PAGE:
The report, by researchers in Germany and Poland, renewable energy groups and environmental group Greenpeace, included a foreword by ex-Polish Environment Minister Maciej Nowicki who called it a “feasible, realistic scenario”.

It estimated that Poland, which now generates 90 percent of its electricity from coal, could create 100,000 jobs with a shift to wind, hydro, biomass, geothermal and solar power by 2030.

The scenario would require investment of $264 billion, double the $132 billion cost of business as usual. Still, free renewable energies would be cheaper in the long run by eliminating costs of fuel to generate electricity, it said.

Poland “has a once-in-a-generation opportunity to move beyond coal,” it said. “Poland is home to a geriatric energy system, based on coal. Its power plants are old with about 70 percent of them being over 30 years old.”

 

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The New York Times

 

Yoshikazu Tsuno/Agence France-Presse — Getty Images

An offshore wind turbine off the coast of Fukushima.

 

 

 

 

OFF THE COAST OF FUKUSHIMA, Japan — Twelve miles out to sea from the severely damaged and leaking nuclear reactors at Fukushima, a giant floating wind turbine signals the start of Japan’s most ambitious bet yet on clean energy.

The project’s turbines, and even the substation and electrical transformer equipment, float on giant platforms anchored to the seabed.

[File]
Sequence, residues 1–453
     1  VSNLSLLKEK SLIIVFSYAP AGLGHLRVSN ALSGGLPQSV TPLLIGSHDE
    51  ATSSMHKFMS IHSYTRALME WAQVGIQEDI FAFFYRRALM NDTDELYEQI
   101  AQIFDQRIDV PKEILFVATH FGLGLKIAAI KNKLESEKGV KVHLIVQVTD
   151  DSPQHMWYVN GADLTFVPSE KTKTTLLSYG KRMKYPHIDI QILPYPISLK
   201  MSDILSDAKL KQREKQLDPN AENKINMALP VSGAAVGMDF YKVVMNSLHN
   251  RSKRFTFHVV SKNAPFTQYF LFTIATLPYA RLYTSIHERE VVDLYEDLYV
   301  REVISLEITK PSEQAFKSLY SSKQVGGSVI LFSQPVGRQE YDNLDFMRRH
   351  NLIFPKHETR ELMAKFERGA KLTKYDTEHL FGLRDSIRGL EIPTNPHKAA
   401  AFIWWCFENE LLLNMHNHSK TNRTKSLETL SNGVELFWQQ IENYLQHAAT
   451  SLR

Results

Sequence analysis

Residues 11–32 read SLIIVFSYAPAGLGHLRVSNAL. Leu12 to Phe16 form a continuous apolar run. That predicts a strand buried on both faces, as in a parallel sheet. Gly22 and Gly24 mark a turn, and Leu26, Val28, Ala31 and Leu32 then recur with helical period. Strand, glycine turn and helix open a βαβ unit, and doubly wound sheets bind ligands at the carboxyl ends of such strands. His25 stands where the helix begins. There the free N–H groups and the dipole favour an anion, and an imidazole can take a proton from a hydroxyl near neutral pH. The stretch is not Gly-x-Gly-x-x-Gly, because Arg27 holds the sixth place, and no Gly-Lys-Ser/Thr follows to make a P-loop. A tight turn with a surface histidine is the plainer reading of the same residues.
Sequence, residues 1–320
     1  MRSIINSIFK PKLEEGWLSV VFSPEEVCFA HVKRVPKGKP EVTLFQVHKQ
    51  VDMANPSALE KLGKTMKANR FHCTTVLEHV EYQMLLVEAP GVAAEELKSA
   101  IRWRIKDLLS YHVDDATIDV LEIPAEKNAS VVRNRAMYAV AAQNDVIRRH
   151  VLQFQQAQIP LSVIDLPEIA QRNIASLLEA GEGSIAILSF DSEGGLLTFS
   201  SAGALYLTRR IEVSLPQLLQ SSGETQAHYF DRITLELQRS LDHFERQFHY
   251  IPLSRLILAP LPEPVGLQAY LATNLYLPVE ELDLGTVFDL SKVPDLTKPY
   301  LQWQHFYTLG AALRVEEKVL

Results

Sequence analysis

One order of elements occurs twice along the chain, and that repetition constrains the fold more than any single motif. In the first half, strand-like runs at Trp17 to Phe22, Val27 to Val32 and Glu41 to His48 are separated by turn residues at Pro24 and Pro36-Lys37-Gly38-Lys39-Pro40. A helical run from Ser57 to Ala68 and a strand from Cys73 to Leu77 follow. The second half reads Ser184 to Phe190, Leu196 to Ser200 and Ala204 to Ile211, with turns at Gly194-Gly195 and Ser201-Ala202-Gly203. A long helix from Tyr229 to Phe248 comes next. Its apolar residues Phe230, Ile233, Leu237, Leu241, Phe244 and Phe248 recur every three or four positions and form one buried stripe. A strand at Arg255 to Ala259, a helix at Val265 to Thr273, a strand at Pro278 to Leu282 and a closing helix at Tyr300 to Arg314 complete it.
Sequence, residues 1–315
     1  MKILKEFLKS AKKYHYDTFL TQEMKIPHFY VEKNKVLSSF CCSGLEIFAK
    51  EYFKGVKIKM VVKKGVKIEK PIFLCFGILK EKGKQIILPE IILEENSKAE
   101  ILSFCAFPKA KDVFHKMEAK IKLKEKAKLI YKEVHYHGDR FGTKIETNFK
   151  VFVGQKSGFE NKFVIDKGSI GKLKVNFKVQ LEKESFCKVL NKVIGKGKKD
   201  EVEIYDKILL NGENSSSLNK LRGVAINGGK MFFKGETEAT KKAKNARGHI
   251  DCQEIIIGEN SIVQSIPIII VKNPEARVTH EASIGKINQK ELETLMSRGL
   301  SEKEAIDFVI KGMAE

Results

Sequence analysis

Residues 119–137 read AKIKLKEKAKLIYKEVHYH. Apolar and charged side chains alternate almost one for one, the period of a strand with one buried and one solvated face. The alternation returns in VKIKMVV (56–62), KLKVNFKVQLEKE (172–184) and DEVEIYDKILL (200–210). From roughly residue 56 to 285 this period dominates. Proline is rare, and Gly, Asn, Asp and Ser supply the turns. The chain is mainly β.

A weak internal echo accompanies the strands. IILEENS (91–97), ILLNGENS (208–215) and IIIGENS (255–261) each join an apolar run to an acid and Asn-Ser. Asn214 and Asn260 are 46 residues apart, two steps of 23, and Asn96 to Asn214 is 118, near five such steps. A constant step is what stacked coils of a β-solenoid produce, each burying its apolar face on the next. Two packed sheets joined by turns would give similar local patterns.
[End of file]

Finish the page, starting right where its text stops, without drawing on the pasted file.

When this 350-foot-tall windmill is switched on next month, it will generate enough electricity to power 1,700 homes. Unremarkable, perhaps, but consider the goal of this offshore project: to generate over 1 gigawatt of electricity from 140 wind turbines by 2020. That is equivalent to the power generated by a nuclear reactor.

The project’s backers say that offshore windmills could be a breakthrough for this energy-poor nation. They would enable Japan to use a resource it possesses in abundance: its coastline, which is longer than that of the United States. With an exclusive economic zone — an area up to 200 miles from its shores where Japan has first dibs on any resources that ranks it among the world’s top 10 largest maritime countries, Japan has millions of square miles to position windmills.

The project is also a bid to seize the initiative in an industry expected to double over the next five years to a global capacity of 536 gigawatts, according to the industry trade group Global Wind Energy Council. The Japanese have lagged at wind turbine manufacturing, which is dominated by European and Chinese makers.